Why Do You Think I Want Your Hand-Me-Downs?

March 17, 2011 | By | Comments (1)


This is a question one of my friends is dying to ask her next-door neighbor. But she’s not sure how to pose it—or even whether it’s appropriate to ask—without sounding as rude as the neighbor who foisted the stuff on her in the first place. Here’s what happened:

Bag-of-clothes_300 The other day, the next-door neighbor bumped into my friend’s husband in the hallway outside their two apartments. “Oh, I’m glad I saw you because I have something for you,” the neighbor said, disappearing into her foyer and returning with a bag of stuff. “My boys grew out of these jeans, and these two helmets, and I thought your son might want them.”

A few seconds later, this conversation occurred inside my friend’s apartment.

My Friend: What is this stuff you dumped on the couch?

Husband: Hand me downs. From next door. Didn’t she tell you she was giving it to us?
My Friend: No, and what are we supposed to do with jeans since our son doesn’t like to wear jeans?
Husband: Dunno.
My Friend: And why would we need helmets?
Husband: [shrugs]
But wait. There’s more to this story. A few days later, the next-door neighbor sends her husband over to tell my friend that she wants one of the helmets back! It turns out that one of her friends’ children wants “the good one.”

How rude is that? Not only does she force unwanted hand-me-downs on my friend without asking first if she has a use for them, but then she takes back one item to give it to someone she likes better.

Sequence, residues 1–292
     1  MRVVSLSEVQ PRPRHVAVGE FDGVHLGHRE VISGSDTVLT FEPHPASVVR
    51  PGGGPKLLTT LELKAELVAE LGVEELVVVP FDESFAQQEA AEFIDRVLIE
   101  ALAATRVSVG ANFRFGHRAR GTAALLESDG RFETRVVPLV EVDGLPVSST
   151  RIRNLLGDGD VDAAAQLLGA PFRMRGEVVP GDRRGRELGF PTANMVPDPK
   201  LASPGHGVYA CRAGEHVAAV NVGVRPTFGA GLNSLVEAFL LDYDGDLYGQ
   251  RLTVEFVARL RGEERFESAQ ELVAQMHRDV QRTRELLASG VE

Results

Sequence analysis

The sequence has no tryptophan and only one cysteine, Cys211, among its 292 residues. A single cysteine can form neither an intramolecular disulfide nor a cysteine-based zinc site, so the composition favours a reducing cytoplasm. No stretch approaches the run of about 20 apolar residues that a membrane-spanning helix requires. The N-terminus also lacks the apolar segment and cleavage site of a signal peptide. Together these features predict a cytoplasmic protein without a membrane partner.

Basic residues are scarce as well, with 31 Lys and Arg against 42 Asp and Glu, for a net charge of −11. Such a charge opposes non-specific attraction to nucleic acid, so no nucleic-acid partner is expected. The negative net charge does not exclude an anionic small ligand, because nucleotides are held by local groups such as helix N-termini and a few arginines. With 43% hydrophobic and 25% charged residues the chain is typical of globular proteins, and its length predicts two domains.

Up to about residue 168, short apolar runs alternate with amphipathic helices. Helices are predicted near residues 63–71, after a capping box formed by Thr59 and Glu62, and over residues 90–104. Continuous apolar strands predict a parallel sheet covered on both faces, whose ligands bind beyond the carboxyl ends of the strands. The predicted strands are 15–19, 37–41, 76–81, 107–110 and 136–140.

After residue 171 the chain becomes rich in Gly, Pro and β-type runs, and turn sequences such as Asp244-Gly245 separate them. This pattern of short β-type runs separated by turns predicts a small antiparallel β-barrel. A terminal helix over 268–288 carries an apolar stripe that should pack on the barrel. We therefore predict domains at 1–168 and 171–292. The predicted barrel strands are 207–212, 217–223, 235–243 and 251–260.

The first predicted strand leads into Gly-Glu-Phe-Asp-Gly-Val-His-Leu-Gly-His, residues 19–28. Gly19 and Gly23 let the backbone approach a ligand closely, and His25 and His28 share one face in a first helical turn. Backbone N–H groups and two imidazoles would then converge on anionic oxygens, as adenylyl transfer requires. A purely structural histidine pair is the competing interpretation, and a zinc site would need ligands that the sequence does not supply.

So now my friend is the recipient of (1) a bag of old jeans that her boy wouldn’t want to wear even if they did fit him; and (2) the worse of two old helmets.

“What should I do?” she asked me. “Should I take it to Goodwill?”

“Well, you could,” I said, “but then you’re just doing the lazy neighbor’s work for her.” Clearly, the neighbor pawned the stuff off on my friend to avoid lugging the bag over there herself.

“Why don’t you put it out on the landing, in her bag, next to your garbage bin?” I suggested, figuring that then the building’s super can take the clothes if he wants them, for a boy in his family, or else pass them along to someone else who could use them.

“But then my neighbor will see I put it out next to the garbage!” she said.

“That’s the idea,” I said.

“But then she’ll never speak to me again,” my friend said.


That was the sound of me thinking, “Well, if it was my neighbor, I wouldn’t want her to speak to me again.”

But maybe I’m just feeling cranky and cantankerous because it’s the end of a long winter in New York City (my first here in many years). Maybe someone else has a better, more gracious solution to this problem? 

If so, please suggest it! What should my neighbor do to resolve the Case of the Unwanted Hand-Me-Downs?

(image courtesy of Realsimple.com)